Through the years Atlanta has lost several magnificent landmarks, including
Loew's Grand, the theater where "Gone With the Wind" premiered in
1939, and Terminal Station, an elegant turn-of-the-century railroad station,
on the city's relentless path toward gleaming new progress. Maybe fortunately
for those interested in antiques and history, however, the contents of
long-gone plantations and civic and commercial enterprises were often saved,
and savored, by collectors.
Atlanta has an incredibly large and varied array of antique shops,
festivals, and open markets. The month of May kicks off the summer season for
some of the largest outdoor antique markets, usually held once a month, but
only one metro festival will be open during APA's annual meeting. Here's an
insider's guide to some of the city's best offerings:
Advertising itself as the largest antique area in the Southeast, Chamblee's
Antique Row District is a compact array of 350 dealers in more than 20 stores,
all within strolling distance. Each place has its own specialty—from The
Way We Were's D.R. Dimes' Windsor chairs, 18th-century furniture, and
blue-and-white porcelains to Townsend Fine Antique Clocks' restored
timepieces. A few of the stores are so large you could spend days in each,
such as the 8,000 square feet of consignment goods in the Treasure Mart to
5,000 square feet of pickings at Biggar Antiques.
"We have more stuff hanging from our ceiling than most places have on
the floor," said co-owner Jeff Biggar. It's fun to walk through Biggar's
just to see the old signs and patent-medicine boxes, as well as the hundreds
of oak chairs, bicycles, and other ephemera dangling from above. Biggar's has
such specialty areas as the Country Store, Western Room, and Paper Room, with
such finds as a Bakelite Dreyfuss phone, circa early 1950s, for $95, and
framed Varga Girl calendar pages for $65.
If it's more upscale items you're after, you may want to investigate the
old-school, fine antique shops along Peachtree Road, such as the Beverly
Bremer Silver Shop, with its collection of rare, antique sterling flatware
patterns and serving pieces (perfect if you just need the olive fork to
complete your set), as well as unusual silver giftware, and Richters of
Atlanta, with a large collection of estate and period jewelry.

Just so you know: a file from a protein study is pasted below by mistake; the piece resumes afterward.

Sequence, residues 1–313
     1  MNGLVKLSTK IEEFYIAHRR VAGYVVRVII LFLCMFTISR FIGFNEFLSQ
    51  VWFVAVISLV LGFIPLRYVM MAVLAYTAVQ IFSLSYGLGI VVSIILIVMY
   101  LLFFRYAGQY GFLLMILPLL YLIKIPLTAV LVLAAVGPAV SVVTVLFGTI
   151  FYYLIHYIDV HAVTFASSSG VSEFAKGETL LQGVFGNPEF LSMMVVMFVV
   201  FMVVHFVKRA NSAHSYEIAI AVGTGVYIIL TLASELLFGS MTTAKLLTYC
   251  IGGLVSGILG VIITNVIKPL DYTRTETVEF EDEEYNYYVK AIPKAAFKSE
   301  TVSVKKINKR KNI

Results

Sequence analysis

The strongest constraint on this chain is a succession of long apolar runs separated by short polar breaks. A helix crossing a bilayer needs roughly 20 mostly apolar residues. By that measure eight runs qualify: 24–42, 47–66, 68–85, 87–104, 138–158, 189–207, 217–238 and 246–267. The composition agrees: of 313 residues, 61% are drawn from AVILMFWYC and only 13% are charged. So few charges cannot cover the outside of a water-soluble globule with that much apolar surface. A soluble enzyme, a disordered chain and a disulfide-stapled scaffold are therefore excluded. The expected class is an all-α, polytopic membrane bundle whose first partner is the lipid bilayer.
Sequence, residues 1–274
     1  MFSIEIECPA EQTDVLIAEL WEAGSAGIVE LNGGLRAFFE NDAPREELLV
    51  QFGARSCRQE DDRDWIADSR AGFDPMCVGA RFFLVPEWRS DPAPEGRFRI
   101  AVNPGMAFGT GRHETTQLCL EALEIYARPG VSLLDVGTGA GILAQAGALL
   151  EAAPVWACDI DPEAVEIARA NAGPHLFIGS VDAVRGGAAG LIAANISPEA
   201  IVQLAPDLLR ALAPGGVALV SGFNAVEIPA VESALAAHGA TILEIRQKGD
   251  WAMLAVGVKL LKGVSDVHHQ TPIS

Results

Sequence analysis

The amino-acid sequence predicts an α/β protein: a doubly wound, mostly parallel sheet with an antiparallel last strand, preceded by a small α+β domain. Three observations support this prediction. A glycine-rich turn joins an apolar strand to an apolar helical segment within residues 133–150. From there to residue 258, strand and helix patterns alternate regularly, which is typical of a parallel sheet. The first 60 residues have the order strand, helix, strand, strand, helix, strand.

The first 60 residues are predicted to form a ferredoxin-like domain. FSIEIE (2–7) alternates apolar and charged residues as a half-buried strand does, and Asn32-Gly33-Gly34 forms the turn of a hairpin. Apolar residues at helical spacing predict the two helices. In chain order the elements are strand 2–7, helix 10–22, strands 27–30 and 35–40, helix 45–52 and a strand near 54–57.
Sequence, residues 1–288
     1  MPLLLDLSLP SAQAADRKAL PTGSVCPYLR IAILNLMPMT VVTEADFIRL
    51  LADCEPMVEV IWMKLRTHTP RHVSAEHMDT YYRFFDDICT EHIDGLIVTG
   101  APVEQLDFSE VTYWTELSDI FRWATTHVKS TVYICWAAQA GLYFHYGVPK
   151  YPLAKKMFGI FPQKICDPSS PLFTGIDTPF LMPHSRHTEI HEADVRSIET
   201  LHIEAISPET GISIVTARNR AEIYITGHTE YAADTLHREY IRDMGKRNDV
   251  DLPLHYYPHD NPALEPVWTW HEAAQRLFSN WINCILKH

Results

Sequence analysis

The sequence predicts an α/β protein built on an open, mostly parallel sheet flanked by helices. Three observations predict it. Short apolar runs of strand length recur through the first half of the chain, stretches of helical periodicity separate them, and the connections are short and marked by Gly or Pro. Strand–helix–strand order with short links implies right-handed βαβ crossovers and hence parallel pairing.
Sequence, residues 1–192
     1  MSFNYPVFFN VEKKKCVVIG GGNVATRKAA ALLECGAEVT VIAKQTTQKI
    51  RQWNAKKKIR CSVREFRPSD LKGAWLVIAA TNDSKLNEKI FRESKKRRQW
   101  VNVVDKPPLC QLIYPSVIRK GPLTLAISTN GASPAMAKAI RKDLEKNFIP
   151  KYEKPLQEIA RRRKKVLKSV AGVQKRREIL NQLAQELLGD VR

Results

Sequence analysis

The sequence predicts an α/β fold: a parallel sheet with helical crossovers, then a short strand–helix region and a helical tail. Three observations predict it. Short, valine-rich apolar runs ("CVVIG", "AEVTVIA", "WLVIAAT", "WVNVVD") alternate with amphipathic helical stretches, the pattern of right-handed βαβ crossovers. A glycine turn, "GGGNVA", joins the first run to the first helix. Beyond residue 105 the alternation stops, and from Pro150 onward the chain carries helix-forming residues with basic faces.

Other upscale shops in the Buckhead/Midtown axis include those along Miami
Circle. More than 70 antique stores specialize in fine art, including Franya
Waide Antiques, and furniture, such as Bobby Dodd Antiques, where you'll find
18th- and 19th-century English, Biedermeier, and continental pieces ranging
from $2,000 to $20,000.
Further north, in Sandy Springs, you'll find the venerable Red Baron's
Antiques. This is "the most formidable architectural antique house in
the country," said LouAnne Baxter, manager of King Galleries, a Baron's
affiliate with more affordable pieces. The Red Baron's quarterly auctions are
legendary, $100-ticket events, where such items as John Lennon's Rolls-Royce,
Mussolini's armoire, and Elvis Presley's first guitar found new owners. Stop
in to peruse the Red Baron's unique items, many from European estates or
private collections, which at press time included pub bars, Tiffany windows,
and a seven-carat aquamarine pendant. "It's the only free museum in
town," said Baxter.
King Galleries will be hosting an auction on Sunday, May 22, from noon to 7
p.m. or so, with a Saturday preview of more than 700 items. It's free and open
to the public.
Other regularly scheduled weekend shows are at Lakewood Antiques Market and
Scott's, but the only nearby show scheduled during APA's annual meting is at
Alpharetta's Main Street Market, held the third weekend of each month in the
historic old downtown of an affluent suburb north of Atlanta. In Marietta, on
the metro area's northwest edge, wander around the picture-perfect old town
square, with more than 20 antique shops within spittoon distance.
If you prefer shopping on a smaller scale, you might be interested in Tara
Antiques, a quirky collection of consignment goods on Cheshire Bridge Road, or
Kudzu, an eccentric assortment of booths outside Decatur. If you want some
street life and café choices while browsing, visit Virginia Highland's
20th Century Modern or the more bohemian Little Five Points. The latter shop
offers such retro-modern sources as Boomerang, filled to the doorjamb with
inexpensive, funky '50s pieces like kidney-shaped coffee tables and, on a
recent visit, a curvy brown velvet swivel chair on a round wooden base for
A more selective assortment of cleanlined mid-century furniture and
decorative items awaits you at Victory Vintage Home, a new shop in an emerging
area of Decatur, not far from Agnes Scott College.
They may be your best chance to see Atlanta's real preservation effort.▪